THE POSSIBILITY OF YOUTH LEADERSHIP IN NIGERIA: WHICH WAY FORWARD.

During the presidential signing of the Not Too Young To Run Bill, President Muhammadu  Buhari said “It may be tempting for you to think of this as the end of the journey. However, it is only the beginning; there is still a lot of work ahead, towards ensuring that young people take full advantage of the opportunities provided not only by this constitutional amendment but also through Nigeria’s boundless prospects”

 In the first republic and during the first phase of military rule, young people played an active role in the governance of Nigeria. Alhaji Shehu Shagari and Alhaji Ibrahim Waziri became federal ministers in their 20s. Matthew Mbu became an ambassador in his early 20s. Col Yakubu Gowon became head of state at the age of 31. In 1976, Gen. Olusegun Obasanjo became the head of state and a lot more.

Young Nigerians presently might feel jaded about politics in the country, and for some good reasons, the average young Nigerian feels disconnected to what is happening in this country.

Unlike the previous generation that witnessed Nigeria’s independence and the golden years of the 70s, this generation born in the 80s, and 90s only know a country that has never lived up to its potential.

The idea of youth leadership has become a contemporary sociopolitical issue in every part of the world and it is evidently clear that youths’ participation in leadership processes relating to electioneering and governance often end at the polls and during campaigns.

There are a lot of unfavorable forces deterring youths from effective engagement in leadership which include lack of internal party democracy, systemic discrimination against the youths by political parties, godfatherism, lack of funds to sponsor sustainable political machinery and a lot more.

Godfatherism in Nigerian politics is a bit nuanced. The questions that cause this is the uncertainty in whether the godfather is pro-Nigeria or pro-exploitation? “The biggest setback in many states of the federation and in Nigeria as a whole is that we often elect leaders who should not have any business being in governance, because of their level of ignorance of what governance is all about” (Emenekwum 2018).

During the just-concluded 2019 general elections, a lot of youths took Nigerians for a fun ride by, running only to call off a few hours to the election. That sent a bad signal to the deciding masses.

Youths aspiring to be in governance must go back to the drawing board, to design and implement strategic steps on how to be effective in the next round of elections and not, waking up one day seeking to lead without an effective grassroots force.

The youth must, by all means, subdue themselves to internal party democracy, as that remains the most important vehicle of candidacy sponsorship; since the independent candidature is still far away from actualization in the country. An aspiring youth, most times, sees our party system very rough for good people to survive, which is true; but, as youths, we have to understand and adapt. Yes! Until a reform in the internal political processes within the party is made, to increase youth participation in the structures of the political parties, adaptation is necessary for every aspiring youth.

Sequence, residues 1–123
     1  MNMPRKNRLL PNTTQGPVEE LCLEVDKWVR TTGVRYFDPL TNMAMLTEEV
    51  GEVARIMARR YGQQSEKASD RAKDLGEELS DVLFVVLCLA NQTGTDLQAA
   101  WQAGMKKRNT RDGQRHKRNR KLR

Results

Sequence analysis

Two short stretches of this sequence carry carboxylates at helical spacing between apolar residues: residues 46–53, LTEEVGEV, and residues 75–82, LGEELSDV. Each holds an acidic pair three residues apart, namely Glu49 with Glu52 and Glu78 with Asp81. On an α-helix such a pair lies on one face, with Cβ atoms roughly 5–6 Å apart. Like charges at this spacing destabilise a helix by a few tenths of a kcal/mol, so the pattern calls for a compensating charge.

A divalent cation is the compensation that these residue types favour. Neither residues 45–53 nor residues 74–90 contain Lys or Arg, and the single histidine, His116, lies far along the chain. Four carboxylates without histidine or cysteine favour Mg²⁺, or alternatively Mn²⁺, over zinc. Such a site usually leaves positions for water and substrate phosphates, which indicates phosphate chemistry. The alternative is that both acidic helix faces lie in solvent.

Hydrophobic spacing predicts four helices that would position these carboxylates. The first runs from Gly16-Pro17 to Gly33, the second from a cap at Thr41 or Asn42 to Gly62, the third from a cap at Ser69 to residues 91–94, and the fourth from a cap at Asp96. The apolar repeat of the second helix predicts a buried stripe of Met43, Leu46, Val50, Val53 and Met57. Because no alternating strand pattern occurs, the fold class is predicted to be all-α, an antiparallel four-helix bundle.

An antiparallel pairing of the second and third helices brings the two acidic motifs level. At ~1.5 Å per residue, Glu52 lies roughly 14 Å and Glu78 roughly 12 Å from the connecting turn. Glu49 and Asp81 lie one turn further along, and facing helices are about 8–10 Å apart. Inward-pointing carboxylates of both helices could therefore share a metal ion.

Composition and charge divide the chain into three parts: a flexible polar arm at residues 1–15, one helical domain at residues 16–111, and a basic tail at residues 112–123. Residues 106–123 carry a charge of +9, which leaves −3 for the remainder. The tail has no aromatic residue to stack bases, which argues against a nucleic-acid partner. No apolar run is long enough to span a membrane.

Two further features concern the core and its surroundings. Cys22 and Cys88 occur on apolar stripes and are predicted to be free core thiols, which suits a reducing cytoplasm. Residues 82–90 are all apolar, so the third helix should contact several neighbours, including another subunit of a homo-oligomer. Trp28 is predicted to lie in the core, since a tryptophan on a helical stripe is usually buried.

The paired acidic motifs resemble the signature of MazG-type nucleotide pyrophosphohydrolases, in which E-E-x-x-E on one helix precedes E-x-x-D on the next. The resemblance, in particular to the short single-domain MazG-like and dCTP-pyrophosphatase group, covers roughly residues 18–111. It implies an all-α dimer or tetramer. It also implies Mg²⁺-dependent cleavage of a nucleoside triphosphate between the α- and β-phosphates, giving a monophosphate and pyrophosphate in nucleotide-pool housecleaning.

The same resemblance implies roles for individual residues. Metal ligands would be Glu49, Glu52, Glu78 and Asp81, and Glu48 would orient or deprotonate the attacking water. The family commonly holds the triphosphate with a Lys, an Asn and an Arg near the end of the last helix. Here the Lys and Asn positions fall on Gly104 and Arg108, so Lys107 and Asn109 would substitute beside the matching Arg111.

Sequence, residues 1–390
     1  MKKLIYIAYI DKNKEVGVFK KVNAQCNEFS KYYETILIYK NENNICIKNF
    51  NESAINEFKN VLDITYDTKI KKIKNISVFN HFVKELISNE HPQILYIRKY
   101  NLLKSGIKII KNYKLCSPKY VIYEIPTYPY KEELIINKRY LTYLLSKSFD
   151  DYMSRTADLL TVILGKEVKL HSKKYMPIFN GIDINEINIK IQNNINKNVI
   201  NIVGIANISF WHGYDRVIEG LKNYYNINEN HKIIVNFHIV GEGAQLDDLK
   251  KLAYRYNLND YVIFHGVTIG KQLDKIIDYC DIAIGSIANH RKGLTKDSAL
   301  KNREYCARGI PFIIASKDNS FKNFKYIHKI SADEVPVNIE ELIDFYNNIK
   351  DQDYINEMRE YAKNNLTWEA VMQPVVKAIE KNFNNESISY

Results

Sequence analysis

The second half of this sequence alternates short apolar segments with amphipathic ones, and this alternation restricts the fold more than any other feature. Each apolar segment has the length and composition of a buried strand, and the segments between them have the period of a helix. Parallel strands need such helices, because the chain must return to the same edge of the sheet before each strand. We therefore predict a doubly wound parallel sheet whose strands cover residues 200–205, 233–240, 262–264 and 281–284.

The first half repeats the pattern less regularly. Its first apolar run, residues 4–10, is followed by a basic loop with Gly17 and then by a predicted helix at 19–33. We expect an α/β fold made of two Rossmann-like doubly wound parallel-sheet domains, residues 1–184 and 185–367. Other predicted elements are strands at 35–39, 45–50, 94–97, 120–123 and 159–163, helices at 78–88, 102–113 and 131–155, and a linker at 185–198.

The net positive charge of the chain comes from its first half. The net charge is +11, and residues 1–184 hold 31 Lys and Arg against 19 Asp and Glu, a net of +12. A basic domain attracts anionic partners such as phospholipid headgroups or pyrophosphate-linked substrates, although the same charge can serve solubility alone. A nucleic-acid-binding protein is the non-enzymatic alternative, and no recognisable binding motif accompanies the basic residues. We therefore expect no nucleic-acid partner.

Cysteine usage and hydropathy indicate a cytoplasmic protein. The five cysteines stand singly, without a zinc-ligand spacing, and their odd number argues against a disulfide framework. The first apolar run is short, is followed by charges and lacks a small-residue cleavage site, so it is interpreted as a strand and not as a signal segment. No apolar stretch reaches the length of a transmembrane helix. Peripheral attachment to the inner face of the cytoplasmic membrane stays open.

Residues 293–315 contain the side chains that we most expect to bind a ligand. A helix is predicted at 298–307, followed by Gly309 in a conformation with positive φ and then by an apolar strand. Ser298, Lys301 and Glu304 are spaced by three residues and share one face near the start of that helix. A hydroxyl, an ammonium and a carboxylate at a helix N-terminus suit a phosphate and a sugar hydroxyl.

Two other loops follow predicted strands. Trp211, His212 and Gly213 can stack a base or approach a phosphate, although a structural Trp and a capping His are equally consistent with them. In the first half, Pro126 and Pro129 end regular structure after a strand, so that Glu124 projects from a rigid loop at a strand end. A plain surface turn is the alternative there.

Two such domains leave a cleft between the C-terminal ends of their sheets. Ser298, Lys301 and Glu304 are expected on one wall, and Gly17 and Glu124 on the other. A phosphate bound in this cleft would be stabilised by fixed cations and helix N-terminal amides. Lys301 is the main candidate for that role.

Our party system needs a robust reform in their respective internal political processes to increase youth participation and encourage youth leadership. Some of those steps should include a party nomination price cut and allocation of certain posts to youths.

In political processes, one thing is certain: through active participation by means of learning and sharing experiences, youths would be more focused and determined, to unite and forge ahead in their advocacy efforts, and support one another to enable them to achieve their political aim.

We thus have to continue advocating for opportunities to be provided for the teeming youth to be a voice in the decision-making processes which would help them develop the required skills and competence to be effective, ethical and courageous leaders.

The “Not Too Young To Run Bill” is a landmark piece of legislation that was conceived, championed and accomplished by young Nigerians and will remain one of the most important accomplishments achieved by Nigerian youths for generations to come.

Despite being a strong supporter of youth leadership in Nigeria, I place more emphasis on good and transformational governance which needs the ability to initiate and drive a positive innovative transformation as championed by the Centre for Social Awareness, Advocacy and Ethics (CSAAE).

The coordinators of the Not Too Young To Run movement have established a formidable legacy in maturing our democracy. If we really want to change something we have to organize ourselves and work hard by uniting and forging ahead for a youth leadership; hopefully 2023. It is time for young people in Nigeria to stop complaining about the political challenges and start to change things.

Muhammad Sani Kassim, ENL